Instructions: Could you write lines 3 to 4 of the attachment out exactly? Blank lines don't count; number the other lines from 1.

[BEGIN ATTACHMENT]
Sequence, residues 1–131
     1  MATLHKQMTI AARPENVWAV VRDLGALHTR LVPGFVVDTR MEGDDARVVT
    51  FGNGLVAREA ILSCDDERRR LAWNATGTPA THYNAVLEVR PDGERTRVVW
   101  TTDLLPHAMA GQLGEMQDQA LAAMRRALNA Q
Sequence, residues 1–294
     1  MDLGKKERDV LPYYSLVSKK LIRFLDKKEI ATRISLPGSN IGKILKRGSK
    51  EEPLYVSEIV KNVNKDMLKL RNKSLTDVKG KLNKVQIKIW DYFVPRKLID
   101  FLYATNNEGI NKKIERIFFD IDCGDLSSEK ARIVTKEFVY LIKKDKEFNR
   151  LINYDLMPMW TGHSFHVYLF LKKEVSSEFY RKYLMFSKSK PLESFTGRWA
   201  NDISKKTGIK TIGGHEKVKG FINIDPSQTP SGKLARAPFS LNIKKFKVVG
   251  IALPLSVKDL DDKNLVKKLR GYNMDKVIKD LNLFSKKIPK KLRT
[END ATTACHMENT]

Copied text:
    51  FGNGLVAREA ILSCDDERRR LAWNATGTPA THYNAVLEVR PDGERTRVVW
   101  TTDLLPHAMA GQLGEMQDQA LAAMRRALNA Q